The following synopsis has been taken from Goodreads.
Rose Elmsworth has a secret. For eighteen years, the world has been divided into the magically Gifted and the non-magical Ashkind, but Rose’s identity is far more dangerous. At fifteen, she has earned herself a place alongside her father in the Department, a brutal law-enforcement organisation run by the Gifted to control the Ashkind. But now an old enemy is threatening to start a catastrophic war, and Rose faces a challenging test of her loyalties. How much does she really know about her father’s past? How far is the Department willing to go to keep the peace? And, if the time comes, will Rose choose to protect her secret, or the people she loves?
The Catalyst by Helena Coggan
Release Date: 19th February, 2015
Publisher: Hodder and Stoughton
The Catalyst is one of those books with an interesting premise but it turns out to be a fairly average read. The author, Helena Coggan, is a teenager and it shows in the writing. Don’t get me wrong, though. I think that it is fantastic that Helena has achieved a goal of hers at such a young age, especially when many young people are struggling to get started in life. I do feel, though, that it would have been beneficial to have waited at least a few years before publishing The Catalyst as Coggan certainly has potential.
The main character, Rose, needed much more development. This also applies to the rest of the characters in the novel, as none of the stood out and came across as very flat. The relationships between the characters also needed more work. The only relationship that was believable was the one between Rose and her father. The rest of the relationships, such as the friendships between Rose and her best friends, were unconvincing. It was difficult for me to believe in the story when I found it hard to believe in the characters.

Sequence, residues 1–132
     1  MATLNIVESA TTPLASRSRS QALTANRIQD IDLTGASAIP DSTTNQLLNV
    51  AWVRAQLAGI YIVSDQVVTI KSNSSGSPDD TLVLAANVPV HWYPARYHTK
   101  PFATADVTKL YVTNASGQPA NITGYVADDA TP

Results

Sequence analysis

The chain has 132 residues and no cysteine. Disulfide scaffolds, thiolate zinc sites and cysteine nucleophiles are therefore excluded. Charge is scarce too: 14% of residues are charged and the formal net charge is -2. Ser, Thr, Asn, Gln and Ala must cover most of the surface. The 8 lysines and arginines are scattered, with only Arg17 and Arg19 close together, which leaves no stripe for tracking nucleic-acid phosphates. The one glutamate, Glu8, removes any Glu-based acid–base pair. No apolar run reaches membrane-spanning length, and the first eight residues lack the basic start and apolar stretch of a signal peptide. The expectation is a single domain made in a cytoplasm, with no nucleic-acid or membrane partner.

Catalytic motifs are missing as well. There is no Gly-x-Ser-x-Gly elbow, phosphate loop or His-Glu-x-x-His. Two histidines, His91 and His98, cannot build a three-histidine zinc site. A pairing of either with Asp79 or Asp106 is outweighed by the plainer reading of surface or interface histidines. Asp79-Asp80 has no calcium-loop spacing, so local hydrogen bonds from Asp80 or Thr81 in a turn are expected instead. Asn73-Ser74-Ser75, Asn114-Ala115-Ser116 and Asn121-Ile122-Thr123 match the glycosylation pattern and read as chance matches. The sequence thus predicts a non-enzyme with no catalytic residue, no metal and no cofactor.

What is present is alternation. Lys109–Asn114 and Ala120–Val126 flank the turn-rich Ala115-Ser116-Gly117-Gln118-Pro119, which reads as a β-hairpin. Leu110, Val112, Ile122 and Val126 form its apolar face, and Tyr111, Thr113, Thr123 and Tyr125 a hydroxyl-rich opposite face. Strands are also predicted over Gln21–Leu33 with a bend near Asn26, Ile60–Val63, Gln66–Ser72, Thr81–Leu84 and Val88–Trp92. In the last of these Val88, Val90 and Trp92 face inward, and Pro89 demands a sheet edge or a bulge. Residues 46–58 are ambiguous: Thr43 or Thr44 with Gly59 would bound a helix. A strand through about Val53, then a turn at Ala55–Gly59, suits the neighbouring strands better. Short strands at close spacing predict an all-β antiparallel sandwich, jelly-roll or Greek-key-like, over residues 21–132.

With regards to the writing and the progress of the plot, I often felt that I was reading a rough draft, rather than the finished novel. There were many times that the plot felt like it was going in one direction, and then it would suddenly switch and head off in another direction. This became rather annoying. Sometimes the perspectives of the characters would switch unexpectedly and this would leave me feeling confused.
As I previously mentioned, I wish that Coggan had waited at least a few years before seeking publication. I really do think that she should take the time to hone her craft, as she has the potential to contribute something special and unique to YA. Even though The Catalyst is fairly average, I’ll be looking out for more novels by Coggan in the future, as she does have talent to tap into.